Today’s topic: antimeria
Today’s Friday coffee-break post discusses “antimeria”, something that drives linguistic purists mad, yet is a rhetorical tic that’s far more common than they’d have you believe.
Have you been “friended” by someone recently, or worse, “unfriended”? Did the boss send round a memo detailing his requests for “actioning” the last “marketing” proposals? Did you “Google” something today already? Or have you only just sat down for a Friday coffee break after finishing the “hoovering”? Antimeria is the process by which we use one type of word as another class entirely: most commonly, a noun used as a verb, or “verbing”.
It drives some people nuts. Bad management speak used to be one’s first exposure to egregious verbing. Ever been “down-sized”? It hurts, and not just because your manager is trying to avoid the blunt fact that you’re out of a job. Sales managers will “task” their teams to get out there and start “door-stepping”. Your office manager might tell you that he’s introducing “hot-desking”, which really means that the last person into the office each morning will have to sit at the crappy desk in the corner by the toilets. (The aggressive hot-desk policy, of course, has one fewer desks than employees, like the children’s party game.)
And the internet, once more, has a lot to answer for. Has someone PMed you this morning? Maybe not yet, but emailed? And texted. Or pinged. And what about “science” as a verb? Do you remember that iconic scene out of The Martian?
Is it a new problem?
But, as with all things linguistic, there’s nothing really that new under the sun. Shakespeare was an inveterate verber. Cake, elbow, blanket, graze – all nouns until Shakespeare got hold of them. And why did he choose to use those nouns as verbs? Because of their economy of meaning. Those theatre owners didn’t pay Shakespeare by the word. You could write “I pushed my way through the crowd, forcing a passage using my elbows as levers” or you could just say “I elbowed my way through the crowd”. We don’t take much issue when it “rains”. We “butter” our bread, we “lace” our shoes, we “bike” to work. Linguists call these denominal verbs, and where they’ve become commonplace, they’re unremarkable, efficient figures of speech.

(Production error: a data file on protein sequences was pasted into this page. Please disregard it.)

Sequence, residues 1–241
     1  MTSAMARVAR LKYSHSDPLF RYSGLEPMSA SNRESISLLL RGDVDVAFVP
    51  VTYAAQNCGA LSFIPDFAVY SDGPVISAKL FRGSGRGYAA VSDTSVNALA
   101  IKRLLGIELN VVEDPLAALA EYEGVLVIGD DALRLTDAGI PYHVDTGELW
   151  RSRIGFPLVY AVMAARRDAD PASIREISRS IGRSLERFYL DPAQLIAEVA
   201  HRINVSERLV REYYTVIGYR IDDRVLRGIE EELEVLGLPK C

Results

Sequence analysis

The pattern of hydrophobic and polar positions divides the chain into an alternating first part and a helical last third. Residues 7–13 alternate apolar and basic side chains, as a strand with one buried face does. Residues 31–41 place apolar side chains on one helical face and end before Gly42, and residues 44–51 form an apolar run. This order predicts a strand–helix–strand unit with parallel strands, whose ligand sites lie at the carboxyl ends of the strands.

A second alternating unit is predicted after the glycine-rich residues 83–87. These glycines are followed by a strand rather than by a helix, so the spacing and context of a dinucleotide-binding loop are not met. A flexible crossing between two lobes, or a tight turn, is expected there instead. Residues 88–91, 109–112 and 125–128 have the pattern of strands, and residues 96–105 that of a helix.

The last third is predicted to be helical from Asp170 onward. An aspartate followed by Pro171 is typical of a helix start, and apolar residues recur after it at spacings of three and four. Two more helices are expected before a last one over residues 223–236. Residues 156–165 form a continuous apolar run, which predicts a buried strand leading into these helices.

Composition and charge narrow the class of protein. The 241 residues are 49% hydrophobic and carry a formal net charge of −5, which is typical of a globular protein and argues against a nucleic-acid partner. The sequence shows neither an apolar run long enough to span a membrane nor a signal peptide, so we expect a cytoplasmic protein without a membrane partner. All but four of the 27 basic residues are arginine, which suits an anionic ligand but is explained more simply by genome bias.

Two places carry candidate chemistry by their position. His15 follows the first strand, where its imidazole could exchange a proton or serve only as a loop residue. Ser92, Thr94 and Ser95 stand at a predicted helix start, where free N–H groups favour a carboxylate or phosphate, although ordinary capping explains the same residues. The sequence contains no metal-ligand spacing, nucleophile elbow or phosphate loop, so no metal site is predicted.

So really, there’s nothing wrong with using nouns as verbs per se. Complications arise when the noun that’s used might not be particularly common, when its usage might be misinterpreted, or when proper nouns are used. A muscle freak might boast, for example, about “benching 400kg”. While those of us who couldn’t be dragged in to a gym by wild horses might have a vague idea that it’s something to do with exercise, we might not appreciate the enormity of their achievement. That management consultant who starts their presentation saying “I’m blue-sky thinking here”, or that millenial who says “I so heart Adele”? Slap them. It’s for their own good. They’ve lost sight of the main reason for verbing in the first place, which was one of economy of meaning.
Proper nouns are another problem area. Most people would understand the meaning of the verb “to boycott” because it has long since passed into common usage (which is why we don’t capitalise it anymore). But to “kanye” someone? The fact that in some circles “to kanye” means to steal another person’s moment of glory, is lost on a lot of people over thirty. But that’s what youth has always done: invent its own language so that “grown-ups” can’t understand them. Now when that millenial tells you that they really “downed” on that last episode of <insert name of trendy Netflix series here>, you can say to them “Oh, you’re using antimeria. How quaint”, they won’t understand you either. Ha!